NYTimes 100 Notable Books of 2008
FT The reading year
The Guardian Season's readings
Edgeer dundaas hervee bolomj oldvol unshih nomuud:
"Beijing Coma" by Ma Jian (Kakutani's Review + FT-iin ene zunii reading list-d baisan, bas zohiolch ni olympiin uyer NYTimes-iin op-ed deer niitlel bichsen baisan + his interview)
"Lush Life" by Richard Price. Kakutani ene nomiin review deeree "No one writes better dialogue than Richard Price" gej helsen udaatay. Endees tuunii lektziig sonsooroy.
"The Enchantress of Florence" by Salman Rushdie + Kakutani's review (not very pleasant :P)
"The Ascent of Money: A Financial History of the World" By Niall Ferguson
"Conversations with Woody Allen: His Films, the Movies and Movie-Making" by Eric Lax
"How To Talk About Books You Haven’t Read" By Pierre Bayard
"When Markets Collide: Investment Strategies for the Age of Global Economic Change" by Mohamed El-Erian (FT-giin ene onii shildeg nomiin shagnal avsan)
"The Snowball: Warren Buffett and the Business of Life" by Alice Schroeder (FT deer ehnii hoyor heseg ni garsan, endees unshaaray - anhnaasaa l business career huuh ni todorhoi nuhur baisan baina lee :P)
"Outliers: The Story of Success" by Malcolm Gladwell (Gladwell-iin shuugian tarij bui shine nom. Hervee zavtay bol ene nomiin sedevtey neleed holbootoy "Late Bloomers" gesen ih sonirholtoy niitleliig ni unshaaray + NYMag on "Geek Pop Star")
"The Logic of Life: Uncovering the New Economics of Everything" by Tim Harford
Tegeed medeej Niall Ferguson, Gideon Rachman hoyoriin recommend hiisen nomuudiig (especially the ones by Mazower and Zakaria):
The history book that gave me the most pleasure this year was Simon Schama’s wonderfully exuberant The American Future: A History (The Bodley Head, £20). Each part is a variation on a key American theme: the nation’s ambivalent attitude to war; its tradition of religious toleration; its melting-pot identity; and its creatively destructive economy. A stylistic tour de force, this extraordinary essay also set the scene better than anything else published this year for Barack Obama’s election as president. An honourable mention is also due to Hitler’s Empire: Nazi Rule in Occupied Europe by Mark Mazower (Allen Lane £30), which found new and illuminating things about a subject that I had assumed I knew enough about.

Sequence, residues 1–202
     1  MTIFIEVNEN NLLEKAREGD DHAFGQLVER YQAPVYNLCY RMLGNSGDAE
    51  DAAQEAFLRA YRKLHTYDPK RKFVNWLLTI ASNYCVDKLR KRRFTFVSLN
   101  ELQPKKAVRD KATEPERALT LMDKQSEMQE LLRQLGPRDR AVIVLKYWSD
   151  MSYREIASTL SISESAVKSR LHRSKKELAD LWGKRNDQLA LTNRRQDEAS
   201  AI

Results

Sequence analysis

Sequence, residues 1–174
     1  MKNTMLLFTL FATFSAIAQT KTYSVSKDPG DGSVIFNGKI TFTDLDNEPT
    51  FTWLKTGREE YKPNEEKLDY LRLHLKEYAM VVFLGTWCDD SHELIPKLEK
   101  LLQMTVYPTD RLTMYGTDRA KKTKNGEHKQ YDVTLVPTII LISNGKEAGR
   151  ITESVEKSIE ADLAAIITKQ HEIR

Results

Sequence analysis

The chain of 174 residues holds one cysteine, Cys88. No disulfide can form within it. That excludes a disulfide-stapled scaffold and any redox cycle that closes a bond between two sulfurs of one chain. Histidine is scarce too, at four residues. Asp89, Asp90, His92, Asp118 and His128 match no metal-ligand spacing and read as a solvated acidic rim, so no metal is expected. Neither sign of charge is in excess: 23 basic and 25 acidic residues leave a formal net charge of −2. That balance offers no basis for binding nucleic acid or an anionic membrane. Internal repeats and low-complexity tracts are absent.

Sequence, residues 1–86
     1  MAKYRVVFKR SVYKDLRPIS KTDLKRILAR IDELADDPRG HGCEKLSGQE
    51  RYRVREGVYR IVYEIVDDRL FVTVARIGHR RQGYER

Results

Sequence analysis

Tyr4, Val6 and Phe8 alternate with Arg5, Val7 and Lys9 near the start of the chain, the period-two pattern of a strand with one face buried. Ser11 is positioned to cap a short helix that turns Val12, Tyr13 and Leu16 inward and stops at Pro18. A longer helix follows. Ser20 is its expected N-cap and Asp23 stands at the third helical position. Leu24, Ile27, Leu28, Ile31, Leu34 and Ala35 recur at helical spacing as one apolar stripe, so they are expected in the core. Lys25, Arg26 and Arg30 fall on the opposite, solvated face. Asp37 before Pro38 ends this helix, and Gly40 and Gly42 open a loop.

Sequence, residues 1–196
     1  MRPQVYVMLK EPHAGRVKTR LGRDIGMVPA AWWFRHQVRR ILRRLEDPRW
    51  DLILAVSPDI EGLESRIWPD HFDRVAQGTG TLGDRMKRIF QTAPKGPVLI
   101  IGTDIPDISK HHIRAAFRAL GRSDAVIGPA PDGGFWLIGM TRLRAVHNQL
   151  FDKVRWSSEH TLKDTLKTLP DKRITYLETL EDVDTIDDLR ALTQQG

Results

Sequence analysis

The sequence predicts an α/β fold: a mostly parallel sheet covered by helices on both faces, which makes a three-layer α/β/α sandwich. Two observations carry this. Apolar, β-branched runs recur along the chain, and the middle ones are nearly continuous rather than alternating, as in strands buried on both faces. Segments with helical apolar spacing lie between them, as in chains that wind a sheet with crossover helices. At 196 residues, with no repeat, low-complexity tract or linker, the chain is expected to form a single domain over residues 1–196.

The most timely international affairs book of the year was Fareed Zakaria’s The Post-American World – published before the Wall Street crash, it captured the sense of a shift in global power. A close runner-up in timeliness was Edward Lucas’s The New Cold War – published before the Russian attack on Georgia, it is a well-researched and flamboyant anti-Kremlin polemic.
But my personal favourite was Lawrence Freedman’s A Choice of Enemies: America Confronts the Middle East, a masterly history of recent US foreign policy towards the Middle East since 1979 that traces the twists and turns of policy with clarity, understanding and the occasional hint of exasperation.
P.S: Dulguun-d: "Fanon" by John Edgar Wideman
Addendum: "100th-Birthday Tributes Pour in for Lévi-Strauss" + A Brief Reader’s Guide to Richard Posner